One of the biggest barriers we face right now is on the regulatory side; the difference between wholesalers, distributors, and third party logistics is not clear in the regulatory frame. This has caused some interpretation difficulties, especially since the repression of the manufacturing plant law in 2008. Having said that, Mikel Arriola has been very supportive and has done, in my opinion, a great job in the short time he has been in the COFEPRIS. We need more people like him in this and other industries.

What has been your biggest challenge since working in BOMI?

The biggest challenge has been managing people. We have more than 200 employees working in our warehouse, and we have to get them engaged and aware that although they are receiving, storing, picking, packing or transporting boxes, they are handling extremely sensitive products.

How do you make your employees aware of this?

BOMI has always focused heavily on quality: we never substitute speed for doing things in the proper way, nor will we sacrifice quality for being more efficient. When I came into the company, I was well aware of this human resource challenge and we changed the historical mission and vision to a mantra that says: “We save and improve lives”. We always try to make our employees aware that they are not just pulling a cart or pushing a box in the warehouse, but they are saving or improving someone’s life. This has also allowed us to link ourselves much more closely with our customers, especially those who are focused on high quality and high service level.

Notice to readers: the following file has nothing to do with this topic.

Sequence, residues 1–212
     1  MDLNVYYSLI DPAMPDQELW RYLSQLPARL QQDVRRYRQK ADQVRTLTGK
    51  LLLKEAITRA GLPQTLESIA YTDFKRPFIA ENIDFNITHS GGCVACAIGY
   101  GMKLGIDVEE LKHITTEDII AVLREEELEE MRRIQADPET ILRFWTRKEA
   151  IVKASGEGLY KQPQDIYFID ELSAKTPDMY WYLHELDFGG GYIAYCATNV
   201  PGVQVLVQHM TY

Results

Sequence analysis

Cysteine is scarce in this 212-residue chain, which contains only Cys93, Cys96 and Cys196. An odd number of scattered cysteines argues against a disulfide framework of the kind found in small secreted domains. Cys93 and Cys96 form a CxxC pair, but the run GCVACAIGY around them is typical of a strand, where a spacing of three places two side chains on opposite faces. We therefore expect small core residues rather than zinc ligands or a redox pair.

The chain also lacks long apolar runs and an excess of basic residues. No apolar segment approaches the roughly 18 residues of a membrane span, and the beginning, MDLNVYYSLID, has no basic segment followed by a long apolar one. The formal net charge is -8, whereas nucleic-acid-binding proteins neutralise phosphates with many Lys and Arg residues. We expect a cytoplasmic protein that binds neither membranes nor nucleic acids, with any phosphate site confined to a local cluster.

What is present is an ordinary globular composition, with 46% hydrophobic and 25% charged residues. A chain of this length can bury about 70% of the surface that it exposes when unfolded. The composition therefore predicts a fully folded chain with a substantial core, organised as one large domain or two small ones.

You mentioned earlier there has been an increase in competition for 3PLs in the area of medical devices: what differentiating strategies does BOMI use to fight and increase its market share?

Our main competitive advantages are specialization and personalized relationships. We develop tailor-made solutions for our customers and are able to respond efficiently to their demands because we operate locally.

The flexibility in the procedures that we offer is another relevant competitive advantage. This industry requires us to constantly accommodate our customers’ individual needs without bending things too much. We can adjust our accounts receivable, warehousing and shipping accordingly, which is no small task when it comes to invoicing and organization because you are selling a tailor-made solution, involving different procedures for each customer.

Having a local decision-making team is a huge advantage too; I can decide which projects to execute and how to invest our resources, we do not need to go to a headquarters to get approval.